Washington, DC – The United States Commission on International Religious Freedom (USCIRF) today released the following new factsheet on China’s regulation of religious groups: China Factsheet – On February 1, 2020, the Chinese government’s Administrative Measures for Religious Groups went into effect. This regulation requires religious groups to obtain government permission for nearly every aspect of their operations.
The 2019 Administrative Measures for Religious Groups
The new Administrative Measures for Religious Groups increases the pressure on religious communities in China by expanding the scope of activities for which they must seek official permission. Article 3 of the regulation bans any religious activity by unregistered religious organizations without prior approval. Article 25 grants the religious affairs department significant supervisory authority to review the charter and annual work plans of religious organizations, as well as to monitor their compliance with national and local laws. In addition, religious organizations are required to report for review and approval any leadership personnel changes, important conferences or meetings, and major expenditures or construction projects.
In addition to making routine operations more burdensome, the 2019 Administrative Measures for Religious Groups also amounts to a significant invasion of religious organizations’ privacy and autonomy. The reporting requirements could provide Chinese authorities access to sensitive financial, personnel, or other information. As written, the regulation gives local authorities broad authority to deny even routine requests. Given the systematic, ongoing, and egregious religious freedom violations in the country, some observers fear that Chinese officials will use this authority to target religious groups that Beijing deems to be subject to “foreign” influence, including Islam and Christianity. The breadth of the reporting requirements also increases the risk that that Chinese religious organizations will violate the law—either intentionally or inadvertently—by not reporting an activity mentioned in the regulation, thus giving Chinese authorities an excuse to take legal action.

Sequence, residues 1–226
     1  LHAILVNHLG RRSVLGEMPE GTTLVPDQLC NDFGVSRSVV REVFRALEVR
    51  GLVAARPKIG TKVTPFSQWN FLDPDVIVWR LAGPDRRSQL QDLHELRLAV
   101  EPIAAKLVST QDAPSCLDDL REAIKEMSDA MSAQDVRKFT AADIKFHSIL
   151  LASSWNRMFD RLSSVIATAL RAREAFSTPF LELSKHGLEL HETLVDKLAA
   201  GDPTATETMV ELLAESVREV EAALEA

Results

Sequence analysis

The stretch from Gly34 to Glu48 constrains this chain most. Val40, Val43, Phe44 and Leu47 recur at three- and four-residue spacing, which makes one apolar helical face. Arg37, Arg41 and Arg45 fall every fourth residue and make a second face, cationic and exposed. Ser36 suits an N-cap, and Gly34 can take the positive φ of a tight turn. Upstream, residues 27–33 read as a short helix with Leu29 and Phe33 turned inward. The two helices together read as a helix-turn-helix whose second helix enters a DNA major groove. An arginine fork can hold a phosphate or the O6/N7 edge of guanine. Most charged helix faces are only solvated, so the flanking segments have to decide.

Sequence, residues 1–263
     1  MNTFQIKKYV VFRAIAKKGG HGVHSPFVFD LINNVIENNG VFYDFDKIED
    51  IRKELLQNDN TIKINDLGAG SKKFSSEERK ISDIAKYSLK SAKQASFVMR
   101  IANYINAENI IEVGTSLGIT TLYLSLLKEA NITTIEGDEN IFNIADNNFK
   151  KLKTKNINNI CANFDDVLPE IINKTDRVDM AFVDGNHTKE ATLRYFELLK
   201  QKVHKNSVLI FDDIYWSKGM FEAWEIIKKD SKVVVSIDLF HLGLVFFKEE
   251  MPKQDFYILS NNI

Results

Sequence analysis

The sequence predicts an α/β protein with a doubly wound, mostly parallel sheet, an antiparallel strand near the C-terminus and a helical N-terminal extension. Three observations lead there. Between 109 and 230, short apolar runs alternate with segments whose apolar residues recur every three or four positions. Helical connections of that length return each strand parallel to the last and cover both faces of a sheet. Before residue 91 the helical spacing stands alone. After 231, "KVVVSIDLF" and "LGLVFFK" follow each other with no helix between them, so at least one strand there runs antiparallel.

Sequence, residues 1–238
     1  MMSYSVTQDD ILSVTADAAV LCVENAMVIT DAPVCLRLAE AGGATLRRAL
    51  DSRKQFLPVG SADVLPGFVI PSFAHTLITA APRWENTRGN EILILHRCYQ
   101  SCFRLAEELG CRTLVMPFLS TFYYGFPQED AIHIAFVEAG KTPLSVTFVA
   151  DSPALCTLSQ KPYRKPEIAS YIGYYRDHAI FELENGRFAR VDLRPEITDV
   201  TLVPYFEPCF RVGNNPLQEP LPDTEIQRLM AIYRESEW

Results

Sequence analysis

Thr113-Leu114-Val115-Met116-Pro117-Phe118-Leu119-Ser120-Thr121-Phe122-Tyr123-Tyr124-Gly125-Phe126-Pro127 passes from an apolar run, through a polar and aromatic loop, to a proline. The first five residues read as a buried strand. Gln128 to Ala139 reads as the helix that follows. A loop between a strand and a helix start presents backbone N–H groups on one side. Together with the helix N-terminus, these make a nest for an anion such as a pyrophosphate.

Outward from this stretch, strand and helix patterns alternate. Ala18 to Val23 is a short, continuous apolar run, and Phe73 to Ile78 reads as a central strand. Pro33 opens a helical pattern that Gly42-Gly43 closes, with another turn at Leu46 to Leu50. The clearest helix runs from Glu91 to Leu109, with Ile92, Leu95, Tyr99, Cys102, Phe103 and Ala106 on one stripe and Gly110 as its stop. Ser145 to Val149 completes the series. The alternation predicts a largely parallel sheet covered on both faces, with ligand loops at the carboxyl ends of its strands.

You may read the full document: 2020 Factsheet – China